February 28, 2023
Kristina Lund, President and CEO of AES Ohio and AES Indiana, leads the company that provides service to more than a million customers. It’s a weighty role but one that Kristina Lund is prepared for partly because she’s had mentors.
Lund participated as a mentor for Dayton Business Journal’s Mentoring Monday event held at Wright State University. Lund took some time to discuss the value of a mentoring relationship.
Have you had a mentor?
I have benefited from many mentors over the course of my career. Some of them have been formal. In fact, my company has been really generous in deliberately connecting me with senior executives who complement my skills and experience.
Others have just been people with whom I’ve developed a close connection who I can ask anything about whether it’s personal or business.
Some of her mentors go all the way back to when she first started working, but her first formal mentor was a senior executive at AES a little more than 10 years ago.
He was able to really help me at a moment in my life where I could really benefit from a job perspective, but I was also able to provide him with some advice as well. So it really does go both ways.
How important is it to have a mentor?
What’s great about having a mentor is that you can hopefully consider (that relationship) a zone where you can ask things that would be too uncomfortable to ask your immediate supervisor or someone who is working very close to you. So you can get someone who's hopefully got some experience and judgment they can provide but who also can provide an independent view on the situation you are dealing with.
Getting an independent perspective can be valuable because sometimes we can get caught up in the details or emotions of a challenge. Being able to step back and get somebody who brings relevant experience but who can be objective is really helpful in reframing a situation.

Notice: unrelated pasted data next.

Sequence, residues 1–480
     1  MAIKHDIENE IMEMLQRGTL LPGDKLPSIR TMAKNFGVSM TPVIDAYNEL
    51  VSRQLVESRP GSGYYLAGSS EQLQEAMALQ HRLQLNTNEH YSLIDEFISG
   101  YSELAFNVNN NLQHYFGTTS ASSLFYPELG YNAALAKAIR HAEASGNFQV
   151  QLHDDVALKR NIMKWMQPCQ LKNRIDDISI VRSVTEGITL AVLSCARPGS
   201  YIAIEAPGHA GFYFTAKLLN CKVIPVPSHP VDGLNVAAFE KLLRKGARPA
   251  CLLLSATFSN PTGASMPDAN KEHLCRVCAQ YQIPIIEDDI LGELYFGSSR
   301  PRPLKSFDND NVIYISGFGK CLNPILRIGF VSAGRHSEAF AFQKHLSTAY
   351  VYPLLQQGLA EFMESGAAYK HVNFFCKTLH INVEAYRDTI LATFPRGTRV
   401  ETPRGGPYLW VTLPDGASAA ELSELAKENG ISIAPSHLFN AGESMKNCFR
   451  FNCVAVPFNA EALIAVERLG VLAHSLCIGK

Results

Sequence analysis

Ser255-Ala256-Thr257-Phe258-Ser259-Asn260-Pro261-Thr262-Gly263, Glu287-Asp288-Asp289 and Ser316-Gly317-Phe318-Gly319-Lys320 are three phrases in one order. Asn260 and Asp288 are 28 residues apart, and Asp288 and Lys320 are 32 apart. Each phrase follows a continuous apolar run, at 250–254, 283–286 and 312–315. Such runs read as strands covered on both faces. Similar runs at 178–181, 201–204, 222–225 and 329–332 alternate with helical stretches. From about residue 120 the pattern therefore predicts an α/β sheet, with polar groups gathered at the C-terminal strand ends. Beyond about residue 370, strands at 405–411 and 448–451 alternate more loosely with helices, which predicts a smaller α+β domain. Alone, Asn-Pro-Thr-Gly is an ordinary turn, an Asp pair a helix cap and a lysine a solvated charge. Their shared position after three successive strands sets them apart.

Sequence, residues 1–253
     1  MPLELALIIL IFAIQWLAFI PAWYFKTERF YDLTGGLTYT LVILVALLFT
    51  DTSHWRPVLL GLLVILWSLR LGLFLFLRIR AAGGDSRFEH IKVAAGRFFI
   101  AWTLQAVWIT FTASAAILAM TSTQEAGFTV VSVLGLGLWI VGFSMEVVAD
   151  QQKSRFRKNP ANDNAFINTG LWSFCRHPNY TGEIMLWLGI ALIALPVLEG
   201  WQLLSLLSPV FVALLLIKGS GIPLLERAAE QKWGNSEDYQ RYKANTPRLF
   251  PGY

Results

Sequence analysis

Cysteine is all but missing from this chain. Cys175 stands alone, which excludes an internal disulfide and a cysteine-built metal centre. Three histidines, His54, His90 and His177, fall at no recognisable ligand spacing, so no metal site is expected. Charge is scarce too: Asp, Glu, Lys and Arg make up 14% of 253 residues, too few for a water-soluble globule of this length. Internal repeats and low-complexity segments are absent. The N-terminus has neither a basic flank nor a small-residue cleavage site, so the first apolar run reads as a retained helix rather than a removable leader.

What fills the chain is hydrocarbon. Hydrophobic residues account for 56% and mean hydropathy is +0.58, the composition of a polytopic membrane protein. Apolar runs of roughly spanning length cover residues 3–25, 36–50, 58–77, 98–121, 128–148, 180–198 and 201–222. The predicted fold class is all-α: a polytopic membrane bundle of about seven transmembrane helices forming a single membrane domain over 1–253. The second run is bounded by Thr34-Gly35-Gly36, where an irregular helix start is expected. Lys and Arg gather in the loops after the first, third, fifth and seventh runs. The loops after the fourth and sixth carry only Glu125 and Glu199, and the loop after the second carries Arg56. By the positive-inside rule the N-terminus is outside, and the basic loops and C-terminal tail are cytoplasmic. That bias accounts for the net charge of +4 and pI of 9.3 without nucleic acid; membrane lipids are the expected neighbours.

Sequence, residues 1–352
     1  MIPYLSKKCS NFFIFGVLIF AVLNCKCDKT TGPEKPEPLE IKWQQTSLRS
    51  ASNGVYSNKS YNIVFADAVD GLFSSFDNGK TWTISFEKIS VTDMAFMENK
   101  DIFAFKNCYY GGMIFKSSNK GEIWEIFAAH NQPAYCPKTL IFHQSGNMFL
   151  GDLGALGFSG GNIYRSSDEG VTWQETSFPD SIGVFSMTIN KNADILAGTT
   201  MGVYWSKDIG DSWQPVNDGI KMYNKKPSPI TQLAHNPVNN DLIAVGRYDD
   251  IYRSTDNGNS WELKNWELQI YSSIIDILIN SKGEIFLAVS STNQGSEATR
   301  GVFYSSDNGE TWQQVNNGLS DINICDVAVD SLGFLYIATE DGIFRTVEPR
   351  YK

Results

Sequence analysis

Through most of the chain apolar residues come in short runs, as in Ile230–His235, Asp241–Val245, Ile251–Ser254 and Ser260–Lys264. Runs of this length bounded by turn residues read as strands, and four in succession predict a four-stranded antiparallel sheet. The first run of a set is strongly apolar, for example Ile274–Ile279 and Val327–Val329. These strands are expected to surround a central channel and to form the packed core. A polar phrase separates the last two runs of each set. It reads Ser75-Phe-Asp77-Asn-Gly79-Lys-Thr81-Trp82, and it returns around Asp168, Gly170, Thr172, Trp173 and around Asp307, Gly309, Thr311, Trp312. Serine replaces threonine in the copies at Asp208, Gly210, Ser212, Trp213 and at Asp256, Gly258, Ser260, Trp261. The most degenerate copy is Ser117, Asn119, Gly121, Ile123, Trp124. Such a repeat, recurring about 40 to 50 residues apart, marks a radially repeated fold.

Do you think it’s more important for a woman to have a mentor?
I think it is important for everyone but what could be potentially be different for women is that we may be more reluctant to seek out help.
I have experienced a lot of conversations with men who are earlier in their career who are unafraid to ask for help and share their ambitions. For some women that really doesn't come naturally or we’ve been taught to let the work speak for itself and not advocate for ourselves. Having events like the DBJ’s mentoring event is so great because it just provides a space where we are here and supporting each other.
Any tips on how to find a mentor?
First, I'd say have a broad perspective because you can really get good input from a variety of people. It doesn’t need to be the CEO of your company. It could just be someone who is a little bit further in their career and in a different part of the company than you, for example.
Secondly, think hard about what you want from the mentoring relationship because sometimes, speaking as a mentor now, I can be more effective if there are specific things that I can help someone with. A general conversation about a career, that can be a bit more challenging to find a way to help.
Finally, to seek out every opportunity to know yourself. Understanding your own strengths and areas of opportunity is how you can really grow very rapidly.
Reprinted with kind permission from the Dayton Business Journal.